Chemical drain cleaners are a go-to DIY plumbing solution for homeowners with blocked or slow drains.
However, they come with risks and can damage your pipes and septic systems if you don’t know what you’re doing.
How Chemical Drain Cleaners Can Damage Pipes
All chemical drain cleaners work by oxidation. Oxidizing drain cleaners typically contain oxygen or hydrogen peroxide, while alkaline drain cleaners use sodium hydroxide or potassium hydroxide to break down the blockage.
Sodium hypochlorite is another chemical in commercial drain cleaning products, commonly known as bleach. It dissolves organic materials like grease, soap scum, and food particles that can accumulate in drains over time.
Bleach is a caustic substance. Used too often, it can corrode joints and pipe connections in your plumbing system. It’s also unsafe for septic systems and can kill beneficial bacteria that keep your system healthy.
Drain Cleaners & PVC
Because PVC has a low melting point, chemical drain cleaners can cause cracking, bubbling, and discoloration in PVC pipes. Harsh chemicals can break down the plastic material, leading to leaks and other problems in your plumbing system.
Drain Cleaners & Metal Piping
Metal pipes like copper are more resistant to corrosive drain cleaners. But the repeated application of harsh chemicals could weaken pipe walls and lead to eventual failure.
Always read the directions on any drain cleaner you purchase. Make sure you use the correct type of cleaner for your pipes, or you could damage them instead of cleaning them.
Types of Chemical Drain Cleaners
Oxidizing, caustic, and acid drain cleaners are the most common chemical drain cleaners sold.
- Oxidizing cleaners use substances like hydrogen peroxide and oxygen to break down organic matter. They work well on grease, food particles, and paper products, but not as well on hair or soap scum.
- Caustic cleaners contain sodium hydroxide or potassium hydroxide to clear tough blockages of hair and soap scum. Caustic cleaners are highly corrosive and can be dangerous if misused.
- Acid cleaners are formulated with sulfuric acid, hydrochloric acid, or citric acid for removing mineral deposits from pipes. They’re available to licensed plumbers but not the general public.
Oxidizing Drain Cleaners
Oxidizing drain cleaners contain peroxides, household bleach, or nitrates. They clear blockages by oxidizing organic material.
Oxidizing compounds are highly reactive, stealing electrons from other substances to break them down. The process produces heat and gas — the same reaction responsible for the fizz of hydrogen peroxide applied to a cut or the color fading of bleach.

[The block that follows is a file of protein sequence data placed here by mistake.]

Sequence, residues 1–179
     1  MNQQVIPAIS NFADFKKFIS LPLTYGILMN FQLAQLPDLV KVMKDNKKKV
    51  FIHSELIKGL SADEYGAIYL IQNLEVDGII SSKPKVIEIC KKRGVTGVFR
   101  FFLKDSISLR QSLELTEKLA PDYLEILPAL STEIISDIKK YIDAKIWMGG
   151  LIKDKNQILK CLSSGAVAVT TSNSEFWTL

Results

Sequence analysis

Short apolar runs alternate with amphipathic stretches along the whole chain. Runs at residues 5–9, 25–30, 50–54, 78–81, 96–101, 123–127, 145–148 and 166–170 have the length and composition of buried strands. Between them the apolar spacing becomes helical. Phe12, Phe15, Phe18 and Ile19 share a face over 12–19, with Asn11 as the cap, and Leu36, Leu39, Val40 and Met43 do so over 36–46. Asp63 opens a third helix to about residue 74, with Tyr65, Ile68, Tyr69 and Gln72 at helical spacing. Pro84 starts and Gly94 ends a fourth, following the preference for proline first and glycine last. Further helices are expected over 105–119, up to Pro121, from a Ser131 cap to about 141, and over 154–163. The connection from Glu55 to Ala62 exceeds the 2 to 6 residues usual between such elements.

The strength of the reaction depends on the amount of oxidizer present, the ambient heat, and the application duration.
Household bleach and hydrogen peroxide sold at the grocery store are relatively weak, as are many drain cleaners.
For instance, regular bleach contains about 5.25 percent sodium hypochlorite (household bleach). Liquid Plumr Industrial Strength Clog Remover contains between 3 and 7 percent household bleach and less than 2.5 percent sodium hydroxide (lye).
Some specialty products also contain myristamine oxide, used to stabilize foam in shampoo, or lauramine oxide, a mild surfactant (surface tension reducer) often used as a foam booster or cleansing agent.
Oxidizing drain cleaners are great at removing food-based clogs. They’re heavy enough to sink through standing water, and the heat and gas they generate loosens hair clogs and dissolves soap scum.
They’re safe for pipes if applied per instructions.
Caustic Drain Cleaners
Caustic drain cleaners contain substances like sodium hydroxide (lye or potash) that give electrons away, making soaps and grease dissolve.
Caustic compounds like lye are present in many grease-cutting household products, including oven cleaners. Lye is also used to manufacture soap and to cure and tenderize foods.
Caustic substances excel at breaking down greasy and soapy clogs. Like oxidizing cleaners, they produce heat and gas, which helps to clear blockages.
Concentrated bases are just as reactive as concentrated acids, but since household drain cleaners only contain small amounts, they’re safe if used according to instructions.
For example, Drano Max Professional Strength Gel Clog Remover contains less than 5 percent lye and between 3 and 10 percent household bleach.
Acid Drain Cleaners
Acid drain cleaners contain high hydrochloric or sulfuric acid concentrations, which attract electrons to break up substances. Their sale is restricted for a good reason.
They’re extremely potent and can dissolve plastic, metal, and ceramic pipes, along with the clog.
How to Apply Chemical Drain Cleaners Safely
Chemical drain cleaners can damage metal and PVC pipes or break down rubber pipe fittings if applied too often or too long.
They can harm beneficial bacteria in septic systems. They’re poisonous if ingested and can burn skin, mucous membranes, and eyes. They can also react with household cleaners to produce toxic fumes.
Read the label carefully to be sure the drain cleaner you choose is safe for your plumbing. Follow all safety precautions.
- Wear protective gloves, eyewear, and long sleeves.
- Don’t pour cleaner down the drain if you’ve recently used another clog remover or a household cleaner like ammonia.
- Keep children and pets away from cleaners.
- Store cleaners safely and out of reach of children.